Chemists create and capture einsteinium, the elusive 99th element

Scientists have uncovered some of its basic chemical properties for the first time.

Scientists have successfully studied einsteinium — one of the most elusive and heaviest elements on the periodic table — for the first time in decades. The achievement brings chemists closer to discovering the so-called “island of stability,” where some of the heftiest and shortest-lived elements are thought to reside.

The U.S. Department of Energy first discovered einsteinium in 1952 in the fall-out of the first hydrogen bomb test. The element does not occur naturally on Earth and can only be produced in microscopic quantities using specialized nuclear reactors. It is also hard to separate from other elements, is highly radioactive and rapidly decays, making it extremely difficult to study.

Researchers from the Lawrence Berkeley National Laboratory (Berkeley Lab) at the University of California, recently created a 233-nanogram sample of pure einsteinium and carried out the first experiments on the element since the 1970s. In doing so they were able to uncover some of the element’s fundamental chemical properties for the first time.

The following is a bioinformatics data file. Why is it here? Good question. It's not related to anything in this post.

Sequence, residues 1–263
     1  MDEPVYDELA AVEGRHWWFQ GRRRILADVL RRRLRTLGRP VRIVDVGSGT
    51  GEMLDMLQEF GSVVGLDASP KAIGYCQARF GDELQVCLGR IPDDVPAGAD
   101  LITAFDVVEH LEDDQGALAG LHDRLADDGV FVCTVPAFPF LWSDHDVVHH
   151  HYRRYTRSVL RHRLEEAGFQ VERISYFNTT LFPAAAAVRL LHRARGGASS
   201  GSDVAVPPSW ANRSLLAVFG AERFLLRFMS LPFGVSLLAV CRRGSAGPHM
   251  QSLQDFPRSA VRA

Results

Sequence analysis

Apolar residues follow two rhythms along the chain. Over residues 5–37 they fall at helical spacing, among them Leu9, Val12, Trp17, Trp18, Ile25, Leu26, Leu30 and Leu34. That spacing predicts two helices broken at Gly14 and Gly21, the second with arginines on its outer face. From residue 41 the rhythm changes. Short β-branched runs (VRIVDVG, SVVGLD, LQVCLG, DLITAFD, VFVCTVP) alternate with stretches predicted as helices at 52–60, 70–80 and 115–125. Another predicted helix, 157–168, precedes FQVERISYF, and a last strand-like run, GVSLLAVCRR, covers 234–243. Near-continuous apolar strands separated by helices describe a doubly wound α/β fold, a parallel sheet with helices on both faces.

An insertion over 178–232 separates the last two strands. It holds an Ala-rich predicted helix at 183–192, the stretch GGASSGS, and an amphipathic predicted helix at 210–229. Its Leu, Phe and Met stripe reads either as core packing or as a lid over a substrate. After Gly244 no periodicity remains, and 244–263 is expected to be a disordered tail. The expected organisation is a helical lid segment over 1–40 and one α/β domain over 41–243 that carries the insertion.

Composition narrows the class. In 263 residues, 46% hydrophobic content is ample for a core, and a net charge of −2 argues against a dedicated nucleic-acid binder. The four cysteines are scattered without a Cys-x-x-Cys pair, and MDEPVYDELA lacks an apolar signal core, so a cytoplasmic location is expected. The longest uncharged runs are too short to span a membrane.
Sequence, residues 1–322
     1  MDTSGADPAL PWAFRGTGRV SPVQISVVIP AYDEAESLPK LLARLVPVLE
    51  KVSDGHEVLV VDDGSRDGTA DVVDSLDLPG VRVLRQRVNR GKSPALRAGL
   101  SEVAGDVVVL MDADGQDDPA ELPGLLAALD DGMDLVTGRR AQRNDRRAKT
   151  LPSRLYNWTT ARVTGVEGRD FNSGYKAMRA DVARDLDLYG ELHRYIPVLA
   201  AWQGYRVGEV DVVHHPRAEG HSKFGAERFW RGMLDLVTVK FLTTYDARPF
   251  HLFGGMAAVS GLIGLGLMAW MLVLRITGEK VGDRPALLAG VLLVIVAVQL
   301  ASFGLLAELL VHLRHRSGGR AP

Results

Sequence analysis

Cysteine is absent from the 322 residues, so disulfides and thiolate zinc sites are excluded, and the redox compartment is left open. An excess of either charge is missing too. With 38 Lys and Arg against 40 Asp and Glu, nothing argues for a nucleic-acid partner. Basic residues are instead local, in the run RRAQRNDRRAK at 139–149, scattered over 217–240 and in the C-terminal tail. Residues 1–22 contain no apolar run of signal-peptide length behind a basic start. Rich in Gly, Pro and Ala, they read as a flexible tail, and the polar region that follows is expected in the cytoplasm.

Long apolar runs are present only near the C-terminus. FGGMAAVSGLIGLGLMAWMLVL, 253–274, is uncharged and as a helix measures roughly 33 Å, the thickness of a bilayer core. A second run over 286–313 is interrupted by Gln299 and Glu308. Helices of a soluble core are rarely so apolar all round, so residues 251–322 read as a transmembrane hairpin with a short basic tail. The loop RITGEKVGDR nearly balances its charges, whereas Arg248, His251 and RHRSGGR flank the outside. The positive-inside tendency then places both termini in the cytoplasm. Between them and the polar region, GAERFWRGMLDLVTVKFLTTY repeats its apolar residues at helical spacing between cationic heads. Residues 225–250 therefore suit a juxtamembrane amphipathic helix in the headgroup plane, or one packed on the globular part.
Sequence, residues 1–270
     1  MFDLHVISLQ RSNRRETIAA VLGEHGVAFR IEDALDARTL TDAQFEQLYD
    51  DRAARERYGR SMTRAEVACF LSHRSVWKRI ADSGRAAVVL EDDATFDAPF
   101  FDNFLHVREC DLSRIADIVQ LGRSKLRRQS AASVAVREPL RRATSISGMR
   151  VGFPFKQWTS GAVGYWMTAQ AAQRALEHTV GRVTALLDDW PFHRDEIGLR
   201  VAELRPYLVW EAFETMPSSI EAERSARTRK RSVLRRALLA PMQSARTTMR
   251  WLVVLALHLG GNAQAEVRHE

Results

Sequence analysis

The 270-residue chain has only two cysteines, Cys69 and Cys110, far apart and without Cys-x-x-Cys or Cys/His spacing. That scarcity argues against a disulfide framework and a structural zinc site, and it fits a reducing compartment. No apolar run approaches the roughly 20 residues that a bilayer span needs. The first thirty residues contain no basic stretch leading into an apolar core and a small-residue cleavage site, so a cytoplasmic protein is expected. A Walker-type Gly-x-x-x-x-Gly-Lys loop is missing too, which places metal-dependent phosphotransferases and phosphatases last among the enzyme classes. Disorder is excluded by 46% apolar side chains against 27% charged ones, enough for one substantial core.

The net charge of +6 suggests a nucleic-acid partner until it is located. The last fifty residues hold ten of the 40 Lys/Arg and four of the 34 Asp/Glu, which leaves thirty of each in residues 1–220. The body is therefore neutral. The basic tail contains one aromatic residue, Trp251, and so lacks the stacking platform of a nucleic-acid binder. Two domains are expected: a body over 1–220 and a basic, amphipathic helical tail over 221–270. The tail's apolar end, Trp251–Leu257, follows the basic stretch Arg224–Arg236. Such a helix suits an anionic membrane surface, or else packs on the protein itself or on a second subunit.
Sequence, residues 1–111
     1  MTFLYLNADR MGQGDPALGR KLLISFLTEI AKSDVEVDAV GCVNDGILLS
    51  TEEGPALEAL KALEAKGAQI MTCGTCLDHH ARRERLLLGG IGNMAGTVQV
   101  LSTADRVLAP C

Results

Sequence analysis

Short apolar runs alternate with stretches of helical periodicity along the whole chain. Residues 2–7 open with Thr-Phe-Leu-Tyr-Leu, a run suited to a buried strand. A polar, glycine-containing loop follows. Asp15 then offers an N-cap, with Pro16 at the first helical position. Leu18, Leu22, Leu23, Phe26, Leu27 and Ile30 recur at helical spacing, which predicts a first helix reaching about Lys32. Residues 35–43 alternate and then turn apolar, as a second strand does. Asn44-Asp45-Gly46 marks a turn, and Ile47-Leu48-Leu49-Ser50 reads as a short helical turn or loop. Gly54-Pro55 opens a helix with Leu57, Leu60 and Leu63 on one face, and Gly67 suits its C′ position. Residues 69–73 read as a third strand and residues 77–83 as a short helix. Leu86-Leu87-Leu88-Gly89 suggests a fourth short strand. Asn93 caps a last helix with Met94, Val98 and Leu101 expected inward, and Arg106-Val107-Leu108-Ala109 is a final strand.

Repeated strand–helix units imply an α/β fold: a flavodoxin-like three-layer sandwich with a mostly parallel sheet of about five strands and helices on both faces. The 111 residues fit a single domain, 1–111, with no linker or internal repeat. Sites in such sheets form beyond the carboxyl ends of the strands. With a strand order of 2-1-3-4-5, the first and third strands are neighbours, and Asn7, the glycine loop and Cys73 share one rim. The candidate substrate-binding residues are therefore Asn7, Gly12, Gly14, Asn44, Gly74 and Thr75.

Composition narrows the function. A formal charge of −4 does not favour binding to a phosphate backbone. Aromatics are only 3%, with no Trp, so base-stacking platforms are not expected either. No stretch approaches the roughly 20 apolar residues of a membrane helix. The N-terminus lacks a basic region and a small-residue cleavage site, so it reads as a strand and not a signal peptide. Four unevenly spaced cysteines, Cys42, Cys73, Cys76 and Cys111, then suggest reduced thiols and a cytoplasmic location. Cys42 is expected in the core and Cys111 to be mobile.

Very hard to study 

Physicists know almost nothing about einsteinium.

“It is hard to make just because of where it is in the periodic table,” co-author Korey Carter, an assistant professor at the University of Iowa and former scientist at Berkeley Lab, told Live Science.

Like other elements in the actinide series — a group of 15 metallic elements found at the bottom of the periodic table — einsteinium is made by bombarding a target element, in this case curium, with neutrons and protons to create heavier elements. The team used a specialized nuclear reactor at the Oak Ridge National Laboratory in Tennessee, one of the few places in the world where einsteinium can be made.

However, the reaction is designed to make californium — a commercially important element used in nuclear power plants — and so it makes only a very small amount of einsteinium as a byproduct. Extracting a pure sample of einsteinium from californium is challenging because of similarities between the two elements, which meant the researchers ended up with only a tiny sample of einsteinium-254, one of the most stable isotopes, or versions, of the elusive element.

“It is a very small amount of material,” Carter said. “You can’t see it, and the only way you can tell it is there is from its radioactive signal.”… Via Live Science

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